Kirkland *is* a city. Seattle used to have cougars and bears before they built it.

    Why not encourage companies to set up in Kirkland? Didn’t google or Yahoo or somebody open an office in Kirkland? Maybe we should direct all their employees to live in the city of Seattle in North Ballard?

    Rate this comment: Thumb up 0

  53. Angie

    The thing about the North Seattle/South Seattle thing is that people on the nice/north side get to talk about how they’d never live in South Seattle, but they get to benefit from the census data of the south because it’s all the same city.

    People who think north Seattle is “nice” and south Seattle is not have usually never been to south Seattle.

    Drive through Mount Baker, Lakewood, and Seward Park and tell me they’re not as “nice” as anywhere in the north end. Certainly put middlebrow neighborhoods like Lake City, Greenwood, Crown Hill and north Green Lake to shame. Probably on par with the froofier parts of Wedgewood, not quite as highfalutin’ as Madison Park (though there are pockets of Mt. Baker and Seward that are extremely tony)

    As far as I’ve seen the shabbiest parts of the Rainier Valley and Georgetown are about as shabby as anything up on the wastelands of N. Aurora. The only difference is that the people in the Valley are more likely to have brown skin than the ones up by Aurora and 130th. Draw what conclusion you will.

    Rate this comment: Thumb up 0

  54. Shaq

    “Sorry if you bought into it, but the sea of for sale signs and for rent listings on Craigslist in that development and Snoqualmie Ridge shows you its mostly inhabited by investors.”

    Mostly? Again, exaggerate much? What % of units would you say are currently up for sale?

    “I predict it will be a ghost town for a while and the future phases stalled indefinitely”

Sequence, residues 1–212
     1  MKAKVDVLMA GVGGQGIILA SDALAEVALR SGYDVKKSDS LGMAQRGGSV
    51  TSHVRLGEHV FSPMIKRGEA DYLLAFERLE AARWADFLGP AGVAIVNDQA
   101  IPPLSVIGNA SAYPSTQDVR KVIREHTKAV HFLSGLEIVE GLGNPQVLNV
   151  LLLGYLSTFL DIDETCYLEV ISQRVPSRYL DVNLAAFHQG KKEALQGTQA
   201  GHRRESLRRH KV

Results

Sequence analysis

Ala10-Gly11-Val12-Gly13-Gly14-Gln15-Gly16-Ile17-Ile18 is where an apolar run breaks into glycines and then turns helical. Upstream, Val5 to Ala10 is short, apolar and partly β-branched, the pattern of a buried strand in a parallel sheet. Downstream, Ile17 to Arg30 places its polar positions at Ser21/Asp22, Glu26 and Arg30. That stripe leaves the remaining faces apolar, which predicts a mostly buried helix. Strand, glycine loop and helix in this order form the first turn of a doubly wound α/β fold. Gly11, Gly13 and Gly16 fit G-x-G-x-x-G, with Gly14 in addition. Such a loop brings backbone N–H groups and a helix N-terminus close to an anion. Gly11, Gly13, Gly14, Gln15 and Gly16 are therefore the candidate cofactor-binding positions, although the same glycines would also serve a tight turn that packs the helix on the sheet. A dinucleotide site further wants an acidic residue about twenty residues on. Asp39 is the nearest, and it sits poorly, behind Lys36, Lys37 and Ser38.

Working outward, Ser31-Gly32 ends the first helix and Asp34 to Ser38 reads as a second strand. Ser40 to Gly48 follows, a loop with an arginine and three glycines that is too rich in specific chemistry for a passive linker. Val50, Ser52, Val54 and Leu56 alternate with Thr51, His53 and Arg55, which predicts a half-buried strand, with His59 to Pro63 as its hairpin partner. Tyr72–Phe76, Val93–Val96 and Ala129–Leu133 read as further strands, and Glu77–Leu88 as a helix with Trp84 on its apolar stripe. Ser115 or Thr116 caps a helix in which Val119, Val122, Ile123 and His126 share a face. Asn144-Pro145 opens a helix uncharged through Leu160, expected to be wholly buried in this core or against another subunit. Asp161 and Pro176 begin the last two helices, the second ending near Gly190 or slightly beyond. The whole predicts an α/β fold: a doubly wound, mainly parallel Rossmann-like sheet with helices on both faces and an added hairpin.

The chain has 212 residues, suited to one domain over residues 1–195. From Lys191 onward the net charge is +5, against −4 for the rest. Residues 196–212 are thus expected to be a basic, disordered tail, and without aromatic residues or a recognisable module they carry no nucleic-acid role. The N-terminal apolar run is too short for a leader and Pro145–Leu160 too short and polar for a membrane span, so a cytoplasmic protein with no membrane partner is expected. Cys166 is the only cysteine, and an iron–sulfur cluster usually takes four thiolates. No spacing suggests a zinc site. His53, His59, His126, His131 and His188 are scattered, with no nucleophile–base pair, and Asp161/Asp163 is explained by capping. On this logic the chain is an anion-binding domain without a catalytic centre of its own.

I predict your predictions are wild-eyed. (And I’m one of the most ferocious real estate bears out there.)

    Rate this comment: Thumb up 0

  55. Jen

    Many people are willing to pay a premium to live “closer in.” As gas starts to close the gap between what it costs to live in the suburbs and what it costs to live in Seattle, I think it’s natural to see more people considering houses in-city. Obviously, there will still be a premium for this lifestyle, but as gas goes up, that premium goes down.

    Keep in mind that many families have 2+ people commuting. My parents (live in Sammamish) pay around $700/month in gas, which is a significant amount of $.

    I doubt gas is the **only** factor people would consider making a move, but I don’t see why you’re so opposed to it being a factor at all.

    Also, homes in town are often smaller and carry fewer energy costs, have better access to public transport, etc. We pay very little to heat our 2-bedroom house and spend very little on gas each month. Sure–we could probably get a bigger home for the money in Lynnwood, but why would we want to?